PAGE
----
Who Should Attend
  • Chief Executive Officers
  • Chief Operating Officer
  • Chief Strategy Officer
  • Directors and Presidents
  • Heads of Marketing, Sales & Strategy
  • Business Heads
  • Profit Centre Heads
  • Entrepreneurs
  • Small and Medium Business Owners
  • Business Development Managers
  • Brand heads
  • Ad agency directors
What do coin-counting machines, machine intelligence in aircraft braking systems and sophisticated packaging solutions all have in common? They are examples of MarketBusters – moves companies have made, even in seemingly banal markets, that spark true breakout growth. In this hands-on, effective workshop, Rita McGrath will describe five lenses that you can use immediately to discover growth opportunities. This will not be a theoretical exercise – there will be plenty of time for application exercises and one-on-one discussion with McGrath about the growth issues facing your company. You will leave the seminar with a powerful toolkit that has been used effectively by companies all over the world to discover growth opportunities.

The examples and application will be relevant to the participants.
MarketBusting: Customer experience innovation
Sad, but true: Most companies have potentially disastrous blind spots with regard to truly understanding their customers’ experiences with their products and services. This session introduces a simple, intuitive tool – the customer consumption chain – to help companies visualize the activities customers go through to address their own
needs, some of which might involve making a purchase. When the chain breaks down, is unsatisfying, or is less convenient than that offered by a competitor, a company can be at a competitive disadvantage. Choice of customer segment, based on behavioral differences, is key. The goal is to improve the customers’ total experience, thus improving margins, revenue opportunity and loyalty. Examples might include Amazon.com, Coinstar, and the Kone Corporation.
MarketBusting: Redesigning customer tradeoffs
For any given customer segment, every product and service has some attributes (or features) that that segments regards as positive, some they regard as neutral, and some they don’t care about at all. By understanding the tradeoffs customers are willing to make, companies can better tailor their offerings to the needs of specific segments, often adding positive elements and reducing cost in the process. This session introduces a simple tool, the attribute map, to help companies gain a better understanding of the reaction of specific customers to the attributes of an offer and potentially redesign the offer. Examples could include business-focused hotels, diabetes treatment and car rentals. If desired, we can also use the tool to speculate on current product competitions, such as that for e-readers.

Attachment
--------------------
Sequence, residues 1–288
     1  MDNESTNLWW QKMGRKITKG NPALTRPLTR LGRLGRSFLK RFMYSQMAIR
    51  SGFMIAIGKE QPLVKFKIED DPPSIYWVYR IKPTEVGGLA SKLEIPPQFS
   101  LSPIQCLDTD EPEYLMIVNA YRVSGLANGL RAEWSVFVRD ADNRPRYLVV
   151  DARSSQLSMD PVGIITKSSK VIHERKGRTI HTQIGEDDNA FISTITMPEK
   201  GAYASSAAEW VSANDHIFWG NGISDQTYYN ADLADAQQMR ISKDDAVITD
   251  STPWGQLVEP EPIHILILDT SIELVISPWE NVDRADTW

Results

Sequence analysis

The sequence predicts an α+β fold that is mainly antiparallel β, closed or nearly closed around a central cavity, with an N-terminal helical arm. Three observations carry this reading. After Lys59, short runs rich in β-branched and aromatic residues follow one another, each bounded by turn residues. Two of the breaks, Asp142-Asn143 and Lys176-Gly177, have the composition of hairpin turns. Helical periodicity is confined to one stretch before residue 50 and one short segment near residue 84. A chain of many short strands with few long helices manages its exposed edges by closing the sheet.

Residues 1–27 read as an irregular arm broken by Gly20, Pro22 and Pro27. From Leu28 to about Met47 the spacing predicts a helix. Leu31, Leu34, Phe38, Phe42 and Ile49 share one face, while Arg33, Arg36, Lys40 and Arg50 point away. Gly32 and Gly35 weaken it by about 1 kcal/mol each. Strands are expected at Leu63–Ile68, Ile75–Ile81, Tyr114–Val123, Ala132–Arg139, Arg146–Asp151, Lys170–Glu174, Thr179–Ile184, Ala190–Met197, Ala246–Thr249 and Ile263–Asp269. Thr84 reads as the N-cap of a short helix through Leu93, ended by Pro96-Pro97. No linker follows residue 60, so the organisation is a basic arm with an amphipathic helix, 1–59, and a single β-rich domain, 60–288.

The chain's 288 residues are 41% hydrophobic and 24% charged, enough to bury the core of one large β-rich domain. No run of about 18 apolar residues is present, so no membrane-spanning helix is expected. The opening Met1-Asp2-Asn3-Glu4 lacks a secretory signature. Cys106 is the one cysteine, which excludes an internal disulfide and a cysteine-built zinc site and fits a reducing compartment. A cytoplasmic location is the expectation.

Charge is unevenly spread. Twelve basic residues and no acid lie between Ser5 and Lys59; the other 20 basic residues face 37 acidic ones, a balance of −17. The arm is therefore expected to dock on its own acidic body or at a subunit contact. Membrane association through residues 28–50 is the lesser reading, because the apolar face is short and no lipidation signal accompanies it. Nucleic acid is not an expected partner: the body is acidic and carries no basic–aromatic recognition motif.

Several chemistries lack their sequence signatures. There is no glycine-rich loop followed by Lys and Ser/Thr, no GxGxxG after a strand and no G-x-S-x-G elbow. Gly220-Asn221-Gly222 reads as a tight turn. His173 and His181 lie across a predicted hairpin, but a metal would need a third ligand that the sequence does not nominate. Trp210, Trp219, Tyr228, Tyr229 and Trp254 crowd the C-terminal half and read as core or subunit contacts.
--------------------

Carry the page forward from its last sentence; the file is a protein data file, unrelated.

MarketBusting: Identifying new business models
In many industries, competition is not so much between different industry participants as it is between different business models. With the advent of on-line music, for instance, the CD-based business model is losing share to the by-the-song-online business model. In this session, participants will be provoked to consider whether it is time to explore a new business model. The issue focuses on two interrelated questions: Can the unit of business be changed (what you sell) or can the operational activities that deliver a unit of business be altered? Changes in unit of business might involve selling products as services or subscriptions rather than by the unit, while changes in key metrics might involve reconfiguring (sometimes drastically) how operations take place to generate efficiencies or customer differentiation. Examples might include GE’s locomotive operation, Mexican concrete producer Cemex, Provide Commerce ProFlowers offer and Software as a service as opposed to on-premises operations.
MarketBusting: Anticipate industry shifts
Industries go through different types of changes that can, to some extent be anticipated. Step changes are sudden and irreversible. Cyclical changes are those that appear and then reverse themselves. Trends are slower, but significant. Value chain shifts result in changing power relationships among buyers and suppliers in an industry. This workshop will ask participants to identify key shifts that they can foresee in their industries, and then to consider one of three possible responses: anticipating and preparing for the change; benefitting from second-order effects or even provoking a change themselves.
MarketBusting: Tectonic Shifts
Slow shifts in underlying social, technological and other forces can sometimes create the opportunity to explore entirely new markets. In this session, we’ll explore some of the ways in which new categories, capabilities, and needs emerge to create a fruitful ground for opportunity. The practice of developing early warnings of a new category evolving can be used.
In this hands-on high level summit, Rita McGrath talks about powerful strategic moves, what she calls Marketbusters. By learning the techniques you too can gain significant competitive advantages over your rivals and industries, and deliver blockbuster growth. Based on her extensive research with companies across industries, she will share 5 Market Busting Lenses and present several proven market busting moves.
  As a long time member of the Rita McGrath fan club, I was delighted to see this model. It acknowledges competitive realities and shows a clear path forward. Best way to deal with disruption!

Clayton Christensen
Harvard Professor and Innovation Guru
  Rita shows you how you can identify opportunities fast, execute against them at scale, and be unafraid to move on when the situation changes

William Green, Former Chairman
PLEASE CALL US ON: 022 28846847 OR SEND AN EMAIL TO rupalif@kcapital-us.com